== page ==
(Source: GEM)

The primary market driver for NEVs is the low production cost and purchase price of the vehicle.  Most NEVs are priced between $8,000 and $14,000, compared to $28,980 for a full-sized BEV like the Nissan LEAF (excluding incentives).  The operating costs of NEVs are also very low, since they use electricity to charge batteries that are typically much smaller than those found in BEVs.

Half a Million Strong

While NEVs are affordable, and particularly convenient in fleet applications, they have their flaws.  Being limited to streets with a maximum speed limit of 35 mph is enough to deter the majority of private consumers, who expect full access to all roads.  Combined with poor performance in snow and cold weather, safety concerns (NEVs usually have less safety equipment than full-speed vehicles), and short battery ranges (25-30 miles per charge), the market for NEVs will remain with niche fleets for the foreseeable future.  Nonetheless, this has proved successful, as significantly more NEVs are in use worldwide than BEVs.  Navigant Research estimates that globally 229,166 light duty BEVs were in use by the end of 2013, less than half the number of NEVs, at 542,134.

As battery prices come down and gasoline prices continue to rise, NEVs will likely increase their market share within fleet applications.  Meanwhile, some companies are also looking into using NEVs for carsharing programs.  In this scenario, the vehicles would be used mostly for connecting travel purposes – from homes to public transit stations, for example, or from stations to offices.  Additionally, NEVs are also considered to be the frontrunners for autonomous vehicle technologies – mainly because low-speed EVs are safer and more suitable than full-sized vehicles for testing these experimental technologies.

 

Japan Doubles Down on Fuel Cell Vehicles

— July 13, 2014

Two recent announcements out of Japan have dramatically cut the price that Japanese drivers will pay for a fuel cell car.  Toyota unveiled its completed design for the fuel cell vehicle (FCV) it will put on the market in 2015.  More importantly, the company revealed the price would be around ¥7 million, or $70,000.  This is a big drop from the $100,000 price tag floated, alarmingly, a few years ago.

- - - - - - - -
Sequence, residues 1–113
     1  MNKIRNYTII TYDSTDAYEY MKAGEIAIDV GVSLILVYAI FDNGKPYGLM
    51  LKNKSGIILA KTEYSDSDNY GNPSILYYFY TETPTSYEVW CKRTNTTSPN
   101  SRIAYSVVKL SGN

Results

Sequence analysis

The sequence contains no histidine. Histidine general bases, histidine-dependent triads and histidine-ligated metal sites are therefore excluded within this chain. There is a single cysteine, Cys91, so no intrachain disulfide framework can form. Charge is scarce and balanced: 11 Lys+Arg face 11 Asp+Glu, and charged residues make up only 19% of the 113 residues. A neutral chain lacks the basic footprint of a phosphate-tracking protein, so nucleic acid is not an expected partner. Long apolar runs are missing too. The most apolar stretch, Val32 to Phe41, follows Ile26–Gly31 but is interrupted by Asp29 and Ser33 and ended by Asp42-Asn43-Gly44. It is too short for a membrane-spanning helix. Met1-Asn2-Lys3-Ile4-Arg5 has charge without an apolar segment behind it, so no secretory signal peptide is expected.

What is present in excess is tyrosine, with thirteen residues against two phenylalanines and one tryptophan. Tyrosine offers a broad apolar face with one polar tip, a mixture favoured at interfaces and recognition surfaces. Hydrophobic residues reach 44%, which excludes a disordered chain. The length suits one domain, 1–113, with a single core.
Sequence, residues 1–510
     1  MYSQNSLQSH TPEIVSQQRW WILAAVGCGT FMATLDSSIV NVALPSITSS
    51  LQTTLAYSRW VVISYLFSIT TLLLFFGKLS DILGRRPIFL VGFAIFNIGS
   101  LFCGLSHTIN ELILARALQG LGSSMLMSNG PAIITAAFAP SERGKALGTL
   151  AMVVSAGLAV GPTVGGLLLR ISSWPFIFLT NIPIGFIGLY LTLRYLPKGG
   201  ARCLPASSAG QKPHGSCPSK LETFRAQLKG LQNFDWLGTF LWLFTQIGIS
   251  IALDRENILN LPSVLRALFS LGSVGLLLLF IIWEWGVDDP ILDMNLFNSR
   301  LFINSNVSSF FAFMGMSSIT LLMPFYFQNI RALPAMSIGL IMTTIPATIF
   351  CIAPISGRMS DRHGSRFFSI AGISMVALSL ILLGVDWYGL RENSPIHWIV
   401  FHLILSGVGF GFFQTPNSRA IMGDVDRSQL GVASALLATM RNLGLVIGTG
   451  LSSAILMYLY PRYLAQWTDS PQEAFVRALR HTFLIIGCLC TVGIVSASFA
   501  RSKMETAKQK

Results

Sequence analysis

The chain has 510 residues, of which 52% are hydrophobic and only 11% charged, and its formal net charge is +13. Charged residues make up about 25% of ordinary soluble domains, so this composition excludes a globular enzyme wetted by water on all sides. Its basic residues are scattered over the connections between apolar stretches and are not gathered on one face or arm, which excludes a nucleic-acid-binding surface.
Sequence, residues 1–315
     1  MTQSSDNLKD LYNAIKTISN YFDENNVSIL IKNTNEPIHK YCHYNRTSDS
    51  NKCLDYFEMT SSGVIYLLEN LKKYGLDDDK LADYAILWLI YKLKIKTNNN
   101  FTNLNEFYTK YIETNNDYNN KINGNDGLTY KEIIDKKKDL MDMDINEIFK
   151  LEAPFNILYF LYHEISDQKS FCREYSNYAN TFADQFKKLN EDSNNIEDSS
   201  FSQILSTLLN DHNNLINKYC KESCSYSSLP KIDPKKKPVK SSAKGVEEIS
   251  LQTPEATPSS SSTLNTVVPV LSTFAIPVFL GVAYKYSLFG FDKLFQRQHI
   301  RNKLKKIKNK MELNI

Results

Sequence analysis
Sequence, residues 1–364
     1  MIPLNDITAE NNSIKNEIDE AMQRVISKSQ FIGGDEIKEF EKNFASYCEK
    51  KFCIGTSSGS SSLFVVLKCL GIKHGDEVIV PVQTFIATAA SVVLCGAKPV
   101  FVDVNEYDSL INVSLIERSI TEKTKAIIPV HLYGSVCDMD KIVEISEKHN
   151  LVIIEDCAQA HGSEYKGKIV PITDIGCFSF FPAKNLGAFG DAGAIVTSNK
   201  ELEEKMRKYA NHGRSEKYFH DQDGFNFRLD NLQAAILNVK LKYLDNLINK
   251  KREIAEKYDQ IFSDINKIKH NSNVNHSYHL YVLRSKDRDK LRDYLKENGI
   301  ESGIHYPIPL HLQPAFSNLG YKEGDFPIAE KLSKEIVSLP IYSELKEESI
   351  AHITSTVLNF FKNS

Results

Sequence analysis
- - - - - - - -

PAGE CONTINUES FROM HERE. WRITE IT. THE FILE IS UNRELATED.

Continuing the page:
A day earlier, Japan’s prime minister Shinzo Abe called for subsidies of FCVs beginning next year.  A part of the government’s economic growth strategy, these incentives reflect the hydrogen energy roadmap adopted by Japan’s trade ministry.

As described in my Fuel Cell Vehicles report, I’ve long said that the two impediments to fuel cell cars taking hold in the market are cost and infrastructure.  Automakers like Honda and Daimler have already shown that the technology works, resolving early issues such as cold-start capability.  FCVs will also deliver on the key performance characteristics that make them intriguing, as compared to battery electric vehicles: range and refueling.  The Toyota FCV will have a 420-mile range and refuel in 3 minutes.

The Post-Fukushima Strategy

For longtime fuel cell technology followers, I am stating the obvious.  The potential benefits of fuel cells in transportation have been well-understood for years.  Honda, General Motors (GM), Daimler, Hyundai, and Toyota have all shown they can make cars that meet those performance targets.  Nevertheless, in the U.S. media, the perception persists that fuel cells were made obsolete by the successful introduction of plug-in electric vehicles (PEVs).  In Navigant Research’s recent white paper, The Fuel Cell and Hydrogen Industries: 10 Trends to Watch, I noted that the U.S. media would continue to tie these two technologies together – and would misunderstand the rationale for pursuing them both.  Sure enough, this article asserts that the Japanese government’s goal is to crush Tesla.

Not quite.  The Japanese government’s plan is to promote technologies and fuels that will help ensure the country never has another experience like the Fukushima disaster in 2011.  The Japanese government also wants to grow the economy by supporting domestic industries.

The Market Will Decide

To take a phrase from President Obama, Japan has taken an “all of the above” approach in pursuing these two goals.  Nissan and Toyota have done well in the PEV market.  But fuel cells offer an alternative for consumers who may find that a plug-in car doesn’t meet their driving needs.